President Emmanuel Macron has vowed to rebuild Notre-Dame “even more beautifully” within five years, as all of France’s cathedrals prepared to ring their bells on Wednesday to mark 48 hours since the colossal fire began.
The blaze on Monday gutted the great Paris landmark, destroying the roof, causing the steeple to collapse and leaving France reeling with shock.
Macron announced the fast timescale for restoration — a process some experts said would take decades — in an address to the nation where he hailed how the disaster had shown the capacity of France to mobilise and unite.
Pledges worth around 700 million euros ($790 million) have already been made from French billionaires and businesses to restore the Gothic masterpiece.
An unknown number of artefacts and paintings have been lost and the main organ, which had close to 8,000 pipes, has also suffered damage.
But the cathedral’s walls, bell towers and the most famous circular stained-glass windows at France’s most visited tourist attraction remain intact.
Macron’s defiant comments indicated he wants the reconstruction of the cathedral to be completed by the time Paris hosts the Olympic Games in 2024.
“We will rebuild the cathedral even more beautifully and I want it to be finished within five years,” Macron said from the Elysee Palace. “And we can do it.”
Macron said that the dramatic fire had brought out the best in a country riven with divisions and since November shaken by sometimes violent protests against his rule.
“Our history never stops and that we will always have trials to overcome,” he added.
The bells of all cathedrals in France will sound at 6:50 pm (1650 GMT) on Wednesday, 48 hours after the fire started.
‘Saved in half an hour’
Images from inside the cathedral showed its immense walls standing proud, with statues still in place and a gleaming golden cross above the altar.
However the floor was covered in charred rubble from the fallen roof and water while parts of the vaulting at the top of the cathedral had collapsed.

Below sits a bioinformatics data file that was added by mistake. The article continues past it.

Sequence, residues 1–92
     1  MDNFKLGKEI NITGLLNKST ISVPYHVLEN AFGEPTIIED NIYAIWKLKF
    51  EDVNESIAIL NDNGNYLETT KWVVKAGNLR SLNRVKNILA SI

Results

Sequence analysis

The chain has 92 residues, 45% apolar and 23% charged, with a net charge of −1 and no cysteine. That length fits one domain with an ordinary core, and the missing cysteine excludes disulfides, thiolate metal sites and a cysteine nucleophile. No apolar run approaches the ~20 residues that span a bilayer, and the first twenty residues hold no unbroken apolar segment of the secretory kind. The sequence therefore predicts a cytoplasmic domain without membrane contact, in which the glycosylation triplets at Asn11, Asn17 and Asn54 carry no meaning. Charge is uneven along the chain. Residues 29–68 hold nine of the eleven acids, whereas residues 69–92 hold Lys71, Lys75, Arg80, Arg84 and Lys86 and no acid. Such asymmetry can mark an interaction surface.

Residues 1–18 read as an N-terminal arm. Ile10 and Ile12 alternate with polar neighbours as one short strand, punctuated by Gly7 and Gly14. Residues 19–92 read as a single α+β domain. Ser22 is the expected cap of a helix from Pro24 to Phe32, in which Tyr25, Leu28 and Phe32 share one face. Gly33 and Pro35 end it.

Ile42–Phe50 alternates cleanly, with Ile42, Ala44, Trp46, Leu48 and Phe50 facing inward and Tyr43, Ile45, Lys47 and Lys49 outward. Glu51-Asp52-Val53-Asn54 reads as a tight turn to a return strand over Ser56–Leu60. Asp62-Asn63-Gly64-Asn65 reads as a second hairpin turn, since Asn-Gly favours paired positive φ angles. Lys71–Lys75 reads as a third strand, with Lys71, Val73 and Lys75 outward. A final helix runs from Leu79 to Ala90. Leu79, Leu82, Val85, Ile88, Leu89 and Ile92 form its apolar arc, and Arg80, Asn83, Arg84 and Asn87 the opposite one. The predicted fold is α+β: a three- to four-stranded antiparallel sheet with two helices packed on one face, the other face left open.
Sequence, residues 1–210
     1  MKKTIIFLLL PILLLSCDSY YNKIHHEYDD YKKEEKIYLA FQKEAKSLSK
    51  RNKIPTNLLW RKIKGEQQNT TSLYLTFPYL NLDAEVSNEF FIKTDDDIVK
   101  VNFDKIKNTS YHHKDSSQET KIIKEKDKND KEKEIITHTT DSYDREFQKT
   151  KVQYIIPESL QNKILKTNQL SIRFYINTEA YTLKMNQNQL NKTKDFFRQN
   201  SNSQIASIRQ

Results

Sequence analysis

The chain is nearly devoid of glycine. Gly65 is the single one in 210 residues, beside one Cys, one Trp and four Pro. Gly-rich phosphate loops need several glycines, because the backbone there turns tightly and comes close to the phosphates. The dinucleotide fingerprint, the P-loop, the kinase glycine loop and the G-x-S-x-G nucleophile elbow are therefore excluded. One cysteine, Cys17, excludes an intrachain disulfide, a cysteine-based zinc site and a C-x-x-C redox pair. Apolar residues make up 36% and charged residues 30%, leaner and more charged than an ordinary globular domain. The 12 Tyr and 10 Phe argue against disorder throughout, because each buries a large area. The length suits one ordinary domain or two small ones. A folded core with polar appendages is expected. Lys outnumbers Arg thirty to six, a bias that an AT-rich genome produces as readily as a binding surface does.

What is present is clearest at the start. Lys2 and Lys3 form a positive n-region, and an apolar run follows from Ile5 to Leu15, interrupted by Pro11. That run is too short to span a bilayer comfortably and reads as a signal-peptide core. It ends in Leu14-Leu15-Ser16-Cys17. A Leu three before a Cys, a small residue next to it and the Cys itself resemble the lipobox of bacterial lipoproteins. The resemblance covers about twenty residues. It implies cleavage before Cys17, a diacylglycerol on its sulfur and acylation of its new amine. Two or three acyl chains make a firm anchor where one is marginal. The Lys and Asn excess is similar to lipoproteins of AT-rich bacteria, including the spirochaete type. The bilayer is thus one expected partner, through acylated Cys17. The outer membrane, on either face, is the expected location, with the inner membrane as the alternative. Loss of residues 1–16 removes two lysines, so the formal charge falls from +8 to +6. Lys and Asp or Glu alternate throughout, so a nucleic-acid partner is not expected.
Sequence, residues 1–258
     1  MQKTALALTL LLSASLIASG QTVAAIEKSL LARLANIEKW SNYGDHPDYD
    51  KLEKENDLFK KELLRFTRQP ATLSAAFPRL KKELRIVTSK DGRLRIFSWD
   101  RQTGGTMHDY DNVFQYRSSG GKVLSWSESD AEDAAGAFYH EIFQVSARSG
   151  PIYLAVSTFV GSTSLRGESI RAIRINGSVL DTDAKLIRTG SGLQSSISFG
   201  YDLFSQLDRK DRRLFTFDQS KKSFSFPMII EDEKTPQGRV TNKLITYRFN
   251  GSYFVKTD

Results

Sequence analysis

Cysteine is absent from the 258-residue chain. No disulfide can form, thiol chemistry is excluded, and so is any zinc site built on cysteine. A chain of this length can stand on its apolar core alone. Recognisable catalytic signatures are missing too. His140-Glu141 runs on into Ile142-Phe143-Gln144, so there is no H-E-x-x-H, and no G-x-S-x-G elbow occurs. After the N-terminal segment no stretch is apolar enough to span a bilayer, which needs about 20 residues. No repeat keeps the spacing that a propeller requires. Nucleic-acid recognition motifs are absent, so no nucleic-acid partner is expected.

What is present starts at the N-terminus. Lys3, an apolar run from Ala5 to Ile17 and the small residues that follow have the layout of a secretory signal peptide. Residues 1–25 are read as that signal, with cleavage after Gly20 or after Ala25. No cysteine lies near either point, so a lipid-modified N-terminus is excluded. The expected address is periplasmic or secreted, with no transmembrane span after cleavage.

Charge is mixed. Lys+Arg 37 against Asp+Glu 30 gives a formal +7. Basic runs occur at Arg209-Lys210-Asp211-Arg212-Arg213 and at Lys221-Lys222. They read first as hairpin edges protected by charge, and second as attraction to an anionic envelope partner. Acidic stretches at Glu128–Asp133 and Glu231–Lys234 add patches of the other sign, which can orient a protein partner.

Junior interior minister Laurent Nunez told reporters at the scene that work to secure the structure would continue into Thursday, allowing firefighters access to remove remaining artefacts and artworks.
He said the building had been saved within a critical time window of 15-30 minutes by a team of 400 firefighters who worked flat out through the night.
Though “some weaknesses” in the 850-year-old structure had been identified, overall it is “holding up OK”, he added.
Renovation work on the steeple, where workers were replacing its lead covering, is widely suspected to have caused the inferno.
Investigators interviewed witnesses and began speaking with employees of five different construction companies that were working on the monument, said public prosecutor Remy Heitz.
“Nothing indicates this was a deliberate act,” Heitz told reporters, adding that 50 investigators had been assigned to what he expected to be a “long and complex” case.
A public appeal for funds drew immediate support from French billionaires and other private donors as well as from countries including Germany, Italy and Russia which offered expertise.
French billionaire Bernard Arnault and his LVMH luxury conglomerate, rival high-end designer goods group Kering, Total oil company and cosmetics giant L’Oreal each pledged 100 million euros or more.
Support came from outside France as well, with Apple chief Tim Cook announcing the tech giant would give an unspecified amount.
But experts had warned a full restoration will take many years.
“I’d say decades,” said Eric Fischer, head of the foundation in charge of restoring the 1,000-year-old Strasbourg cathedral.
Thousands of Parisians and tourists watched in horror Monday as flames engulfed the building and rescuers tried to save as much as they could of the cathedral’s treasures.
Many more came Tuesday to the banks of the river Seine to gaze at where the roof and steeple once stood.
A firefighter suffered injuries during the blaze, which at one point threatened to bring down one of the two monumental towers on the western facade of the cathedral that is visited by 13 million tourists each year.
The Holy Crown of Thorns, believed to have been worn by Jesus at his crucifixion, was saved by firefighters, as was a sacred tunic worn by 13th-century French king Louis IX.
Rescuers formed a human chain at the site of the disaster to evacuate as many artefacts as possible, which were then stocked temporarily at the Paris town hall.